There is no doubt that indigent defense throughout much of the United States is in a state of crisis, and that North Carolina is beginning to see the impact of lessened resources for indigent defense. The eroding quality of  indigent defense is an issue that concerns not only the usual liberal supporters of providing adequate counsel for those too poor to hire a lawyer, but also conservatives, such as Charles Koch, chairman and CEO of Koch Industries. The bi-partisan recognition of the importance of a healthy indigent defense system should provide hope that positive change is possible.

In examining how to improve indigent defense in North Carolina, the subcommittee on indigent defense began with an examination of a basic issue: what are the characteristics of an effective indigent defense system? As noted in the report, if the goal of our indigent defense system is “to ensure fair proceedings by providing effective representation in a cost-effective manner,” what characteristics should the system have? The short answer is that the system must provide meaningful access to counsel for those eligible for court-appointed representation.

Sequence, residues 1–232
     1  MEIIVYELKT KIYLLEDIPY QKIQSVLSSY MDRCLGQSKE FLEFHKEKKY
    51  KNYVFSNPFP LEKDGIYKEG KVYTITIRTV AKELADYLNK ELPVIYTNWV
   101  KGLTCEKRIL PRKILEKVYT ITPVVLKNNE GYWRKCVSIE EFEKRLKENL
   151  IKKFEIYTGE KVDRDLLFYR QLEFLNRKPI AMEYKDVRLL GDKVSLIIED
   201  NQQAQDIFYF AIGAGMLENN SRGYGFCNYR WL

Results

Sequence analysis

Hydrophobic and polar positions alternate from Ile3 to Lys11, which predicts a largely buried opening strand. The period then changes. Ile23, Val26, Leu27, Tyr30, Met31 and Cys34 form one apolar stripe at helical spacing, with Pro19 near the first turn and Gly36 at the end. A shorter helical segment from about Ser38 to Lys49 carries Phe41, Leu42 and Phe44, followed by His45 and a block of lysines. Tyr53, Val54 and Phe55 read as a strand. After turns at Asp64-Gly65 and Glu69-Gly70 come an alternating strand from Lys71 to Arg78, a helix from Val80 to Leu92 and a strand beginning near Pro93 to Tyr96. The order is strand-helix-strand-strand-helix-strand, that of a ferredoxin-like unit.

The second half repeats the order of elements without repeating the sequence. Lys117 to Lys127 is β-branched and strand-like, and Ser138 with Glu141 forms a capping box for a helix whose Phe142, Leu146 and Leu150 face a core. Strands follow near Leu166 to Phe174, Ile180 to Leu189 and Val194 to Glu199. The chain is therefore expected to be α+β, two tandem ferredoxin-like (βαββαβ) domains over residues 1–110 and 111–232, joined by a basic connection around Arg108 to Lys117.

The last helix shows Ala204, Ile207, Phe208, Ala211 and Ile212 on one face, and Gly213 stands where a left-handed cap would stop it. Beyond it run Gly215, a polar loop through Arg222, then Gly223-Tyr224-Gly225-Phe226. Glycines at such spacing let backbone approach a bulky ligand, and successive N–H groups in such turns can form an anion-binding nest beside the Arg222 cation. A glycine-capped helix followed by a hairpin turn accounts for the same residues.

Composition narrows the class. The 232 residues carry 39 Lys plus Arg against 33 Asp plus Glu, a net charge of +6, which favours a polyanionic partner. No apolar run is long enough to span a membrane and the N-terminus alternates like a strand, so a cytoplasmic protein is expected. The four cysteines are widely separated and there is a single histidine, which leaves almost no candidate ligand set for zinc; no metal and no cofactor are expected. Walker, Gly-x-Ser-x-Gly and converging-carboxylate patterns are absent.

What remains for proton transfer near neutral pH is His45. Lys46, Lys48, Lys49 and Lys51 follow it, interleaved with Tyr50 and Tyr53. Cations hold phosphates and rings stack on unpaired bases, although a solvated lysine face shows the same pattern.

Providing meaningful access to counsel is far simpler to say than to do. The subcommittee recognized that access to counsel should be provided not only in cases in which the representation is constitutionally required, but also in other cases in which the defendant faces serious consequences.

North Carolina’s lawmakers, however, have long recognized that there are good reasons to provide indigent defense services in additional case types above the constitutional floor, such as promoting efficient case management and ensuring fairness and confidence in the court system. In addition to constitutionally required services, an effective indigent defense program provides services in proceedings arising from or connected with a criminal action in which the defendant may be deprived of liberty or otherwise subjected to serious deprivations or resulting in significant collateral consequences.